Dir/scr. Eran Kolirin. Israel, 2016, 90 mins.

Beyond the Mountains and Hills

While dissecting the battle between old and new mindsets is hardly fresh filmic territory, there’s a distinctive search behind Beyond the Mountains and Hills that helps Erin Kolirin’s third feature chart its own path through familiar terrain. After The Band’s Visit and The Exchange, the writer/director not only attempts to depict the reality of modern-day Israel, but to come to terms with it, focusing on the difficulties of trying to reconcile the ways of the past with his compatriots’ incessant march towards the future.

Conflict seethes through Beyond the Mountains and Hills, infusing the feature with an unsettling air

It’s a topic teeming with multiple issues demanding attention, from older generations trying to adjust to the competitive nature of contemporary society to their children’s efforts to forge a more inclusive way forward in a politically troubled climat. Yet Kolerin’s almost too-patient approach is somewhat stifling, at least initially. Slow-moving despite its brief 90-minute running time, and feeling intermittently stilted even as it combines several storylines and embraces a pointed soundtrack, the gradual build of Beyond the Mountains and Hills’ may be a stumbling block when it tries to venture beyond the international festival circuit following its Cannes Un Certain Regard premiere.

“Success means doing unpleasant things,” David Greenbaum (Alon Pdut) is told early in the film, a line that sums up his forthcoming journey while simultaneously speaking of his country as a whole. Recently discharged after 27 years of military service, the former Lieutenant-Colonel embraces sales as his new profession but, when shilling dietary supplements and adapting to life at home in general proves problematic, he resorts to firing his gun into a field under the cover of night to feel something other than powerlessness. It’s an act that’s both cathartic and crucial to the tale that follows, and typifies its underlying contemplation of the chasm between intentions, actions and consequences.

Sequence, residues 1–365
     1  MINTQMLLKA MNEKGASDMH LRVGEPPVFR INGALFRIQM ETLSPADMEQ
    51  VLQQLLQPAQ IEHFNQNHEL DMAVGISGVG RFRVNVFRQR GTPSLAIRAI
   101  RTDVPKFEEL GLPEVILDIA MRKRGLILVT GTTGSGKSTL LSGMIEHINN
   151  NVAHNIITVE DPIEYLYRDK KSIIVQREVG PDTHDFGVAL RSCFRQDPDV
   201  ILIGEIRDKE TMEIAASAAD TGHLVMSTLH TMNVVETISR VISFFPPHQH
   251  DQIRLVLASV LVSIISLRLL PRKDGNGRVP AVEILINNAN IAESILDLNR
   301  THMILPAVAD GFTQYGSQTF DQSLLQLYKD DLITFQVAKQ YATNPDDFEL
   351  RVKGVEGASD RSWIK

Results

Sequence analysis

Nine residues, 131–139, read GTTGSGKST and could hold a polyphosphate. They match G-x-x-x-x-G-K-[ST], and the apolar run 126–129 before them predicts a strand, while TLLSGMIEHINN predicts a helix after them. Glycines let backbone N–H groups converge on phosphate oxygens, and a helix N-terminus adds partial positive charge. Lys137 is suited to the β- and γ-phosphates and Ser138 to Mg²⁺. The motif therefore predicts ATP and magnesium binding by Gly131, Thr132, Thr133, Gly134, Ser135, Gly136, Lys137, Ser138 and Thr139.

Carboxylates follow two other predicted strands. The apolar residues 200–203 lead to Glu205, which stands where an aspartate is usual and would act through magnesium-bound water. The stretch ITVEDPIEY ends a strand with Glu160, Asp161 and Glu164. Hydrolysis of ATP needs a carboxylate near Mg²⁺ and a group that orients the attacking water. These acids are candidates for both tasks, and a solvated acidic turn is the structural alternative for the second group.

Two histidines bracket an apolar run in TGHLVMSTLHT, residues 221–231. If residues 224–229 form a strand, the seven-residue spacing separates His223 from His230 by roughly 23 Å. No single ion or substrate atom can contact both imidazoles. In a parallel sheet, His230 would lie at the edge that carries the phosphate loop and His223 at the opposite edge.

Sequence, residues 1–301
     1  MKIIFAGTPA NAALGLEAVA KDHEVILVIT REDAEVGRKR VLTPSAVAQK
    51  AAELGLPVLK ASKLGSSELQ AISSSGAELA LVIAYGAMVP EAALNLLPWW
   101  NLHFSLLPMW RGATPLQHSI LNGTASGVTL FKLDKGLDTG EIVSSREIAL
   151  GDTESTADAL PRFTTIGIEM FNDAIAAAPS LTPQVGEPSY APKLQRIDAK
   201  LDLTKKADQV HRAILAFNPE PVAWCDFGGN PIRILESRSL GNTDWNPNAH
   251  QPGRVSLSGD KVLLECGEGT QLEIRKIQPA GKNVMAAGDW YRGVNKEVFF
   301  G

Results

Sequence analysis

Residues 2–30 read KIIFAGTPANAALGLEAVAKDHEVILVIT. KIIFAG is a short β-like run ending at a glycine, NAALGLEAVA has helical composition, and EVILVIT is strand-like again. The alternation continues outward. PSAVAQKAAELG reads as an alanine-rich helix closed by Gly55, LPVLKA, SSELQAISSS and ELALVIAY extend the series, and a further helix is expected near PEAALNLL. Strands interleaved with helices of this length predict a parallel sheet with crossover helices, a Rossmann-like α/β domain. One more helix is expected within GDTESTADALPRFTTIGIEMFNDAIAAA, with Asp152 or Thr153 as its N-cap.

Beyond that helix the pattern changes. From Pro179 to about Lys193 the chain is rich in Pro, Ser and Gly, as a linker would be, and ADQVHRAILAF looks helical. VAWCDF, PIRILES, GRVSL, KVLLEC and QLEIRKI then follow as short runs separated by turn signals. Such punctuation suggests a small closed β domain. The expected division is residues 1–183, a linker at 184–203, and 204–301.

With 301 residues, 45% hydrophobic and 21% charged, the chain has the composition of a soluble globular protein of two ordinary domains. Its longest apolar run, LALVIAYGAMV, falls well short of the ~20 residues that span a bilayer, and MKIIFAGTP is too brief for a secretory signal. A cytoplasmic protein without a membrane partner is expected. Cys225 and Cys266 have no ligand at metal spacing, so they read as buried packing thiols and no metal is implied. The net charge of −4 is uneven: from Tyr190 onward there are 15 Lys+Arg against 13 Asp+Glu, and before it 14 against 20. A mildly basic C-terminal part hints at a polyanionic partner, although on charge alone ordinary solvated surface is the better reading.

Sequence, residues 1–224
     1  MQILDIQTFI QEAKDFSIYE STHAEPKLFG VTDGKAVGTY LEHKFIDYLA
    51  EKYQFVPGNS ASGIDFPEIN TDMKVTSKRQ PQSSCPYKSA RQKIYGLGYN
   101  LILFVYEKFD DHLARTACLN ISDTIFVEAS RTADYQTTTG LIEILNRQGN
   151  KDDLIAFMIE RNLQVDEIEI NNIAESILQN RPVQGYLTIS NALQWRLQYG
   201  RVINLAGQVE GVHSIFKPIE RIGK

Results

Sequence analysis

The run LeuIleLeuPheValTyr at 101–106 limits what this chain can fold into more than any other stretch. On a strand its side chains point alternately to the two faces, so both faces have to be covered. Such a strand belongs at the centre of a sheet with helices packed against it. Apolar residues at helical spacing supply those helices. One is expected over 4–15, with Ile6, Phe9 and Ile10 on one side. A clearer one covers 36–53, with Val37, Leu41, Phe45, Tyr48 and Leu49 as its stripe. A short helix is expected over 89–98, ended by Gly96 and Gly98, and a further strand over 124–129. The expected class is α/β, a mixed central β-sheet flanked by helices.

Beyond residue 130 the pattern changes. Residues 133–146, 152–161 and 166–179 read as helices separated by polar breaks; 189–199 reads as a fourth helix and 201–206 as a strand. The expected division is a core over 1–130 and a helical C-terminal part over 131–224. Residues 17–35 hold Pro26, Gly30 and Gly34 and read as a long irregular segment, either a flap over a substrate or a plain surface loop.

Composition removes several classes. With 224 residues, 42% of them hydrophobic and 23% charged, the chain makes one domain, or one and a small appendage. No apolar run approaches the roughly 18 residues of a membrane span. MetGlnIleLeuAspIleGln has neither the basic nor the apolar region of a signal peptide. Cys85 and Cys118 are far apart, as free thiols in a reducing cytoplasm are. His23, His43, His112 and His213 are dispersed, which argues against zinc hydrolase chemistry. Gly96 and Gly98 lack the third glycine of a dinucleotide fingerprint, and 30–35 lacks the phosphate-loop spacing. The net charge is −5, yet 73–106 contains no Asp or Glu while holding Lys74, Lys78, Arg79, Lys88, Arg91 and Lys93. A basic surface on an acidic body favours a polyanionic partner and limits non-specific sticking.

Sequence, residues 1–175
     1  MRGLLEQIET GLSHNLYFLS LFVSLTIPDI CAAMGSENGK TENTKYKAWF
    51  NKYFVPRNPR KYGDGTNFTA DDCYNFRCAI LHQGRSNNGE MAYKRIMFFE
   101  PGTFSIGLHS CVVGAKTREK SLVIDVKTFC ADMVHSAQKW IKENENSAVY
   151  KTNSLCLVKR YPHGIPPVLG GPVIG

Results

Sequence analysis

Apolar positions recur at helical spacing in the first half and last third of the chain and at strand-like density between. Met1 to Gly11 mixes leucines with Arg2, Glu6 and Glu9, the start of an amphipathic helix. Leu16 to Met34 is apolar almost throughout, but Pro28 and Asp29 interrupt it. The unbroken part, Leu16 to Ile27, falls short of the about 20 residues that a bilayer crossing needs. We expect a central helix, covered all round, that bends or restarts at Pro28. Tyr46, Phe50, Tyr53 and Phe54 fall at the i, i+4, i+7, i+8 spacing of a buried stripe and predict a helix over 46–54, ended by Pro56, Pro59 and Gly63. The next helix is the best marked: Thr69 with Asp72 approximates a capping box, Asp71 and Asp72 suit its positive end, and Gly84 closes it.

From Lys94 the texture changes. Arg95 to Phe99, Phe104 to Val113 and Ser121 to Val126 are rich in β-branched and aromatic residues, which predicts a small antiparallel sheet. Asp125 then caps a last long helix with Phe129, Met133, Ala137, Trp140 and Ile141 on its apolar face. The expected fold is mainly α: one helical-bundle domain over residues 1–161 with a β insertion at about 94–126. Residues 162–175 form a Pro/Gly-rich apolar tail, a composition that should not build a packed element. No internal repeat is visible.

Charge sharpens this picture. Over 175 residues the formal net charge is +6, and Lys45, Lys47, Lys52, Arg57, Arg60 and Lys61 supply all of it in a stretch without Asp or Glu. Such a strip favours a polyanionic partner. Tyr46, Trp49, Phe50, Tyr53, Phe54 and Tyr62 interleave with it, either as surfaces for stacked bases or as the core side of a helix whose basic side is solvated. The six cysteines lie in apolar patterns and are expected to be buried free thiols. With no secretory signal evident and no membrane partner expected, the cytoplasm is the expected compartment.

David’s malaise, forever plastered across his face despite his efforts to hide his despair from his family, is juxtaposed with the transformative plight of his daughter Yifat (Mili Eshet). Refusing to blindly conform to prevailing attitudes, she attends anti-war protests, explores Arab culture and befriends two Palestinian men — first, the welcoming Ayman (Mohamed Name), and then, his pal Imad (Ala Dakka) — yet can’t quite find the comfort that she seeks. As she strives for something more, the rest of the Greenbaum family is similarly divided. David’s high school teacher wife Rina (Shiree Nadav-Naor) is drawn to one of her students (Yoav Rothman), while son Omri (Noam Imber) is driven to act when watching from the background becomes too much.

If Kolirin’s decisions, both as a storyteller and as a helmer, don’t always make a mark in the way that he plans, it’s not due to a lack of conviction. Conflict seethes through Beyond the Mountains and Hills, infusing the feature with the unsettling air that can only come from knowing the truth of a tumultuous situation, but still wishing for change, acceptance and a reason to retain hope.

With his regular cinematographer Shaai Goldman, the filmmaker ensures every one of his images reflects this clash as well as the distance that surrounds each character as a result. When figures appear unexpectedly in the foreground of the frame, often intruding upon another’s space, the film bristles with disruption; when the camera stares out over the rocky landmass of the title, which acts as a barrier in several ways, it broods with unease.

With only Pdut boasting any significant acting experience out of the central quartet, much of the on-screen burden of conveying the feature’s simmering tension resides with his lead performance — though, in a film that ponders both the enduring absence and sudden presence of a source of strength, that almost proves apt. Eshet and Nadav-Naor offer nuanced portrayals, with Kolirin yet again showcasing thoughtfulness across gender lines (although sadly, the same sensitivities don’t always apply when it comes to cultural divides). And, almost to stress the former, the movie ends with a note of goodbye to his The Band’s Visit star Ronit Elkabetz, who recently passed away.

Production companies: July August Productions, Entre Chien Et Loup, Match Factory Productions

Sales: The Match Factory, thania.dimitrakopoulou@matchfactory.de

Producers: Eilon Ratzkovsky, Yochanan Kredo, Yossi Uzrad, Lisa Shiloach Uzrad, Guy Jacoel

Co-producers: Diana Elbaum, Sebastien Delloye, François Touwaide, Michael Weber, Viola Fügen

Cinematographer: Shaai Goldman

Editor: Arik Lahav-Leibovich

Production designer: Miguel Merkin

Music: Asher Goldschmidt

Main cast: Alon Pdut, Shiree Nadav-Naor, Noam Imber, Mili Eshet, Yoav Rothman